showrooms in one galleria bids to create a 

"visual dialogue" between them, and to some 

extent it happens, mainly between the 

framed works on the wall. The couches 

strewing the installation invited viewers 

to sit down, relax and chat. They evoked 

discourse, but in the realm of the patron.


I suppose at this moment I had hoped 

there'd be some critical agenda to the show 

as there is so often at the New Museum, 

perhaps in regard to the exploding 

"outsider art" phenom, but this was not the 

case. The show cast its net too wide, 

trying to encompass issues of craft and 

fine art, race and gender, "outsider" and 

folk, and warring traditions of medium and 

form. It is foolish to generalize about 

such a hodge-podge, but I'll rush in...


Part of the problem with "taking seriously" 

exhibitions of craft work and "outsider" 

art has to do with their embeddedness 

within their own esthetics of 

connoisseurship and display, which 

emphasizes on the one hand facility of 

technique, high finish and skill, the drama 

of technical mastery and bravura 

accomplishment; and on the other the raw 

power of the strange, the fascination of 

inscrutable content, and the dynamics of 

charm. 


Art which does not speak the dialect of 

elite academic high art cannot be easily 

written together with it, as this 

exhibition would seem to intend, except on 

the gronds of inadvertent resemblance like 

Larry Culkins's evocation of minimal form. 

(This is like what Susan Vogel, comparing 

NYC post-minimal sculpture and African 

artifacts in 1988, called a "spurious 

resemblance" that valorizes the latter in 

terms of the former.) To found taste on 

this kind of quaintness is to cast many of 

these labors of love into the realm of the 

ethnographic, where, as expressions of 

contemporary American culture, they do not 

belong.


Others among these artists are quite 

successful and entirely comfortable within 

the realm of elite craft production; a work 

like Rules's teapot is art because it has 

transcended its starting point in function. 

No one would ever use it; it "represents" 

its function--much like Neolithic grave 

goods do. Nor is the "Labor of Love" an 

unfettered free esthetic investigation, as 

a high avant-garde art, like theoretical 

science, might be thought to be.


It is better to understand these works as 

speciments of post-modern handmade culture 

within a common field of artistic 

production that does not appear in the form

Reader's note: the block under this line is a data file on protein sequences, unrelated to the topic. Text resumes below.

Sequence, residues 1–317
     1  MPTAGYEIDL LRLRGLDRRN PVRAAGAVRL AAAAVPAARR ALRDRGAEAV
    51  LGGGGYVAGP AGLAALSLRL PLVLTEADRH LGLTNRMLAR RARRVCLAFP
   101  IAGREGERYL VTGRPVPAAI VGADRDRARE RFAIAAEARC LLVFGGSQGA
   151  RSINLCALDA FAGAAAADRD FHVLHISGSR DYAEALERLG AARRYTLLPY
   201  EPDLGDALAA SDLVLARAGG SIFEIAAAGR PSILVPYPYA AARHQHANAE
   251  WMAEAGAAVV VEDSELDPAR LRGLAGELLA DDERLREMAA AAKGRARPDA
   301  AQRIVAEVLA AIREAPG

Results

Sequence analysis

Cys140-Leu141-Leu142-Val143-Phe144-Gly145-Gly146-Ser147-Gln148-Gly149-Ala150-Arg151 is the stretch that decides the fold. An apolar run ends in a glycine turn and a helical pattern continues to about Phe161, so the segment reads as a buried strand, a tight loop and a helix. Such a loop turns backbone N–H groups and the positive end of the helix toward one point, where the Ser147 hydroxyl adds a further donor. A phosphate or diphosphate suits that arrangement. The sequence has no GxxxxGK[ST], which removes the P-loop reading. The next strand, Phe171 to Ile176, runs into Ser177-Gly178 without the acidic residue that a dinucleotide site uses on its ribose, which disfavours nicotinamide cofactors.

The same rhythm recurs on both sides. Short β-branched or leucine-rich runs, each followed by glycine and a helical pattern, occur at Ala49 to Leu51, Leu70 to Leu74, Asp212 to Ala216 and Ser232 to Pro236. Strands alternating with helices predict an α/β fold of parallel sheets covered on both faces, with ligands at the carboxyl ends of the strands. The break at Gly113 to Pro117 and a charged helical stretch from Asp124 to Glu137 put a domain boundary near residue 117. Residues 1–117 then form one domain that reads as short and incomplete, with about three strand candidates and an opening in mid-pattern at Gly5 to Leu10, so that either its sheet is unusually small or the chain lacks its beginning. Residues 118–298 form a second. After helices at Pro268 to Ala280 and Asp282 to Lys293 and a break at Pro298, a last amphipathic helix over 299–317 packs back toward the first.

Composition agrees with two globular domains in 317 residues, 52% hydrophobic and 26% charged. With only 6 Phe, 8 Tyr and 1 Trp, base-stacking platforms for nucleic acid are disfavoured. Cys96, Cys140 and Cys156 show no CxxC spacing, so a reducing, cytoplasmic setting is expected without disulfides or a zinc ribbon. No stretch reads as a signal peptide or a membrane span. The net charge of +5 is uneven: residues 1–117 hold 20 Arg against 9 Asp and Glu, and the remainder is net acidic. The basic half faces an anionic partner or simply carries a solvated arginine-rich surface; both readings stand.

of mass commodity. This is the field of 

social context where ethnicity takes up its 

positions vis-a-vis the mainstream. But 

somehow to so approach understanding 

artworks is like placing warm bodies on the 

snow. It is not until they melt down into 

it, and form an individual idiosyncratic 

relationship to the ineluctable surround 

that their particular qualities may be 

understood. By this point of course these 

bodies will have all turned blue.


* * * * *


Issues surrounding the exhibition were 

engaged at a panel discussion in early 

February, which featured a strong 

performance by Atlanta's High Museum folk-

art curator Joanne Cubbs. She said that 

folk art was "a fictional category," used 

historically to demonize high art and deny 

the complexity of self-taught art. Said 

Cubbs, "We locate our fantasies in the 

world of outsiders." To describe a painter 

like Sam Doyle as "simple and pure" is to 

refuse to recognize his embeddedness in the 

history and culture of Sea Islands, 

Georgia. Much of the appeal of this sort of 

work lies in a kind of "class voyeurism"; 

the great popularity of the work of the ex-

slave, homeless 1930s artist Bill Traylor 

provides a pointed example. This 

fascination of the well-born with the low-

born, of the rich with the poor is part of 

the dynamics of Western culture. It is also 

built into an economic system where, in the 

words of bell hooks, "capital has fallen in 

love with difference."


Quilt-making artist Michael Cummings 

agreed, stating that the art world was 

about "establishing a class order through 

art objects."


English professor and poet Harryette 

Mullen, in a dense and thoughtful talk--so 

much so it'd be better read than heard--

suggested that the rise of the at-once 

"heroic and abject outsider artist" might 

signal a historic shift in taste away from 

aristocratic bourgeois culture of the West.


Joanna Osburn-Bigfeather, an artist and 

director of the American Indian Community 

House Gallery/Museum in Manhattan, pointed 

out that for the Native American artist 

"it's hard to start thinking about issues 

of craft and art because we have to deal 

with identity." She described the market 

pressure of consumer tastes operating on 

Native Americans working in craft and fine 

arts: "our artists have to be kept in the 

past."


(Organized by New Museum director Marcia 

Tucker, "A Labor of Love" is on view Jan. 

20-Apr. 14. It may seem like willful 

ignorance to impugn this effort without 

reading Marcia Tucker's catalogue with its 

"critical and historical essay." But the 

book was costly and they didn't give me 

one.)



*in Cyril Mango, ed.,The Art of the 

Byzantine Empire 312-1453: Sources and 

Documents (1972), p. 50.




Alan Moore is a New York critic and art 

historian.